12 Steps

Design of an Integrated Continuous Manufacturing System

Integra applies a step-by-step approach to help your team create efficient systems through effective integration of multiple methods and tools to meet your core objectives, including maximum process understanding and maximum product quality at minimal cost.

  • Step 1: Conceptual Design

    The first step of the process is the conceptual design strategy: Which product? Dedicated or flexible line? What capabilities are available at the company? What external capabilities will be needed?

  • Step 2: Material Property Characterization

    Is the formulation suitable for CM? Critical Material Attributes of ingredients and blends. Flow properties – Segregation tendency – Wetting – Compaction – Electrostatics – Sticking.

  • Step 3: Characterize Unit Operations

    Rigorous testing of unit operation performance.

    Determine the relationship between operating parameters and equipment performance for the formulation of interest.

    Characterize the residence time distribution (RTD) of each unit operation.

    Determine local level control requirements.

  • Steps 4 and 5: Calibrate and Integrate Unit Operation Models Including Process Materials

    CM models for process understanding are a regulatory expectation and also needed to enable process optimization and real-time quality control.

    Our team has access to a broad library of models for application after completion of Steps 2 and 3.

    The unit operation models are integrated into a single dynamic flow sheet model of the complete line to simulate the entire process.

    Our team has pioneered the development of integrated modeling tools to design, study, control, and optimize manufacturing processes from the interactions between unit operations to evaluating the performance and design space of the entire process at a global level.

  • Step 6: Examine Open Loop Performance of the Process

    Analyze interaction between unit operations.

    Examine system dynamics.

    Understand effects of material attributes and process parameters on downstream unit operations.

    Confirm unit operation compatibility.

    Determine Critical Material Attributes. (CMAs)

    Determine Critical Process Parameters. (CPPs)

    Identify and characterize perturbations.

    Demonstrate achievable quality.

    Characterize the residence time distribution (RTD) of the integrated system.


  • Steps 7 and 8: Develop PAT Methods & Open Loop Implementation with PAT and Local Controls

    To enable quality assurance of the final product, it is important to develop PAT methods that generate meaningful measurements. This is a regulatory expectation for Continuous Manufacturing.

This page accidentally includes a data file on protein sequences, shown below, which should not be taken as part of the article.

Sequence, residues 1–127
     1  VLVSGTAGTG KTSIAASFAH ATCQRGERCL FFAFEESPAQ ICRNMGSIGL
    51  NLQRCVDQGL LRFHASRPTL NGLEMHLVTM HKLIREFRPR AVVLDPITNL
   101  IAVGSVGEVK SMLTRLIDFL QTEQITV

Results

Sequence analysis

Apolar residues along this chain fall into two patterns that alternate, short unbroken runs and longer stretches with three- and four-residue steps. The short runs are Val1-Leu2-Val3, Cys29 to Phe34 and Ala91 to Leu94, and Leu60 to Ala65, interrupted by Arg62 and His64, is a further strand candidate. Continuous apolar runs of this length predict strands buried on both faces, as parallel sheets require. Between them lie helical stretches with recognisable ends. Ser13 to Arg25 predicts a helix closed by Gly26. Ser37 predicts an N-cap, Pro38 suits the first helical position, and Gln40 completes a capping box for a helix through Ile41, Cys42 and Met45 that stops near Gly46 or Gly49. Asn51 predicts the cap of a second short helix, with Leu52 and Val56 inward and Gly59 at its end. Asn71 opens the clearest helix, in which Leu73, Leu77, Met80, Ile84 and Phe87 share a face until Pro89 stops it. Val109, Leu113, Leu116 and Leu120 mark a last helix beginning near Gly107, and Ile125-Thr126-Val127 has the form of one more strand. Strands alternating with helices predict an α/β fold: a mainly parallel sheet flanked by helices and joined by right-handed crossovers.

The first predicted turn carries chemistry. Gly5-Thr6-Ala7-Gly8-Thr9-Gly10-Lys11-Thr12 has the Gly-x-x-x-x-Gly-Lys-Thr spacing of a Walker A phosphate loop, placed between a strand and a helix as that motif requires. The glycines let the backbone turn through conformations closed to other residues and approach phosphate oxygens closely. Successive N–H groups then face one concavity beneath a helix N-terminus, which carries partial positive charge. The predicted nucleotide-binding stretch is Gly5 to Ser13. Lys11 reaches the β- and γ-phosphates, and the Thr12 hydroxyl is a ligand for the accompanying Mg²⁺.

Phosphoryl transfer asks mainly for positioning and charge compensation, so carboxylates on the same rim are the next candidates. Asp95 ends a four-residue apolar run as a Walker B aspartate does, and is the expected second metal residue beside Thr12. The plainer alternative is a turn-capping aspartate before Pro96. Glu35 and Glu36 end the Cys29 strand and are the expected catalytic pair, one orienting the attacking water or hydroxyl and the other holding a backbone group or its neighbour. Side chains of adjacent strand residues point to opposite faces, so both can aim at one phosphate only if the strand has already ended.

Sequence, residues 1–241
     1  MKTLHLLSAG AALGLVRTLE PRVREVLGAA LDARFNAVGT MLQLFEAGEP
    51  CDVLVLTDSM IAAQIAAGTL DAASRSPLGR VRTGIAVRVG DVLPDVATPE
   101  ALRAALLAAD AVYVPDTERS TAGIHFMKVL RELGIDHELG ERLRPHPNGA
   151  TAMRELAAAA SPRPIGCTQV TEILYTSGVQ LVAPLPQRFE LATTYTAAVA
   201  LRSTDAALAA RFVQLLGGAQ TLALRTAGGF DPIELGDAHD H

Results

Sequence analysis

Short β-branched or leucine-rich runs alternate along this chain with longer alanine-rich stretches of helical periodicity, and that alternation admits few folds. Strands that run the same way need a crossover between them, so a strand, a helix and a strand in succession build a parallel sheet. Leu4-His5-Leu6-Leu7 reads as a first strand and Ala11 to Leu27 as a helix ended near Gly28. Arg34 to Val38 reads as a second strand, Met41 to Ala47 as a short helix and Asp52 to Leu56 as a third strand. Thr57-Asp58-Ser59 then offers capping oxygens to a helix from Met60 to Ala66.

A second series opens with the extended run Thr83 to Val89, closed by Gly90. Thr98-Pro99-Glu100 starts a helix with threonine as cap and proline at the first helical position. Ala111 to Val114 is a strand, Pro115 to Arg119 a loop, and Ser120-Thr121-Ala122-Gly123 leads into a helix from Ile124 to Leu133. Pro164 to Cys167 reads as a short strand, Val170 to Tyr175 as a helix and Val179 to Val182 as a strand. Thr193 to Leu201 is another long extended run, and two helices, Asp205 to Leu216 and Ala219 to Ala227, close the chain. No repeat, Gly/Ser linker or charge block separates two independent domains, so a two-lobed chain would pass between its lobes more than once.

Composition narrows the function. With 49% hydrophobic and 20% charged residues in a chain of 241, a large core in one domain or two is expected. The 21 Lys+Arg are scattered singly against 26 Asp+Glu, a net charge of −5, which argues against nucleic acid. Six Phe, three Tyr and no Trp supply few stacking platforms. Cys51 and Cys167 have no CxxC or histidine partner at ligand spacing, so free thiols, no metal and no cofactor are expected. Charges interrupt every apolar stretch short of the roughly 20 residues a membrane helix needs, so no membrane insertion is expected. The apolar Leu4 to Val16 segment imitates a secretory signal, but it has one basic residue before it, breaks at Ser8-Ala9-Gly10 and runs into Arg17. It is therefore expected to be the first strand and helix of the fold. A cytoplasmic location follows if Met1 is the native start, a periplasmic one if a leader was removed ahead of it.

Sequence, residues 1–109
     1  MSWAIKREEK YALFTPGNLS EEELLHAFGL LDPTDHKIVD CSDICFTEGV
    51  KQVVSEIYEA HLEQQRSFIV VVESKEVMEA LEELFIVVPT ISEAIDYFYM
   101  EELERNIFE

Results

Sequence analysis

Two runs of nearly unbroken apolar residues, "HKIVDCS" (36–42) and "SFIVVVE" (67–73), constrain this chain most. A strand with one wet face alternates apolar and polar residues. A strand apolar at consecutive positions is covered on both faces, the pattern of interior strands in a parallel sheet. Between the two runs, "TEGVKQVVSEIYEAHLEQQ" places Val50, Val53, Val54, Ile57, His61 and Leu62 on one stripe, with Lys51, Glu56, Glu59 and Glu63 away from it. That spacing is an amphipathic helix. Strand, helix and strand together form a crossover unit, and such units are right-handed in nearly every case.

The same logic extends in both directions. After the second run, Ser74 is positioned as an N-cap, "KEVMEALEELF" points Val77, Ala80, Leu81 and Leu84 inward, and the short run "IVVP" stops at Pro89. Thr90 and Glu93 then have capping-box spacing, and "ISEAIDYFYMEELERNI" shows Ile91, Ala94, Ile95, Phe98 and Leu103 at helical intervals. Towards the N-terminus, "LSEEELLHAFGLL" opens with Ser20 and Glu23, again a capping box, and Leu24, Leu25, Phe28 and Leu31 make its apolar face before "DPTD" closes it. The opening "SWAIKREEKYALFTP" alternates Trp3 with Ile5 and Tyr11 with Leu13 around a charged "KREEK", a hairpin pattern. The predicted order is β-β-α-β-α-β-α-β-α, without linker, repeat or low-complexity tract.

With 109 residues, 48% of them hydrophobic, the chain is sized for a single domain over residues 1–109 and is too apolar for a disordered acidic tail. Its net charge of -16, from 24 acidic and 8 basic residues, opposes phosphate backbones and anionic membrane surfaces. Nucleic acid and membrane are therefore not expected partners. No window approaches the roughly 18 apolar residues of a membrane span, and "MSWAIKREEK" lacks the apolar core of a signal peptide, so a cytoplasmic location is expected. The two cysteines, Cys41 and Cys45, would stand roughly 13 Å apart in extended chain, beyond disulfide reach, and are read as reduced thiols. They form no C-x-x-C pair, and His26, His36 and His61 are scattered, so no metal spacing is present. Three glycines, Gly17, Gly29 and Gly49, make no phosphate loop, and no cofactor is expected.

Our team uses multivariate methodologies to analyze spectroscopic and non-spectroscopic measurements, and implement effective approaches for real-time monitoring and quality assurance: blend composition and homogeneity, blend density, particle size, and product quality (including prediction of dissolution performance).

    The next step is to implement and validate PAT performance on the continuous line. PAT chemometric models are developed and tested online, by running materials with known properties, to confirm PAT performance.

    In these steps, our team uses manufacturing parameter dynamic information generated by the process equipment to implement effective approaches and controls for real-time monitoring and quality assurance of blend composition and homogeneity, blend density, particle size, and product quality (prediction of dissolution performance).

    Once appropriate methods have been developed, the next step is to implement and validate performance on the continuous line. This is an opportunity to identify and address issues that emerge only during extended testing (like material filming on sensor surfaces). PAT chemometric models should also be tested online by running materials with known properties through the process and confirming the ability of the models to accurately predict these properties.


  • Steps 9, 10 and 11: Design, Implement and Verify a Control Architecture

    When the continuous process is integrated with a real-time supervisory control system, it is called a “closed-loop process” that has achieved “level 1 control implementation”. This is the preference of regulatory agencies.

    A distributed control system acts on a unit operation to modify the outcome of another unit operation, and to ensure efficient operation of the entire system, thereby achieving desired product quality attributes.

    Under closed-loop operation, the raw and intermediate Critical Material Attributes (CMAs), the Critical Process Parameters (CPPs) and the final product Critical Quality Attributes (CQAs) are measured in real time. Corrective actions are taken in real time, using feedback and/or feed-forward controllers.

    Our team designs efficient control methodologies using integrated flowsheet models of the continuous pharmaceutical manufacturing process to test process performance with the control system engaged. Performance of the control architecture is then verified in the physical line.

  • Step 12: Optimization

    With controls implemented in the physical line, detailed studies are conducted to achieve optimum performance.

    Our team uses experimental information to perform extensive characterization of system performance in the entire operational space. This minimizes time and cost, finding the best performing process conditions.

    Multiple optimization goals (minimum manufacturing cost, maximum productivity, best quality, minimum changeover time) can be pursued individually or simultaneously.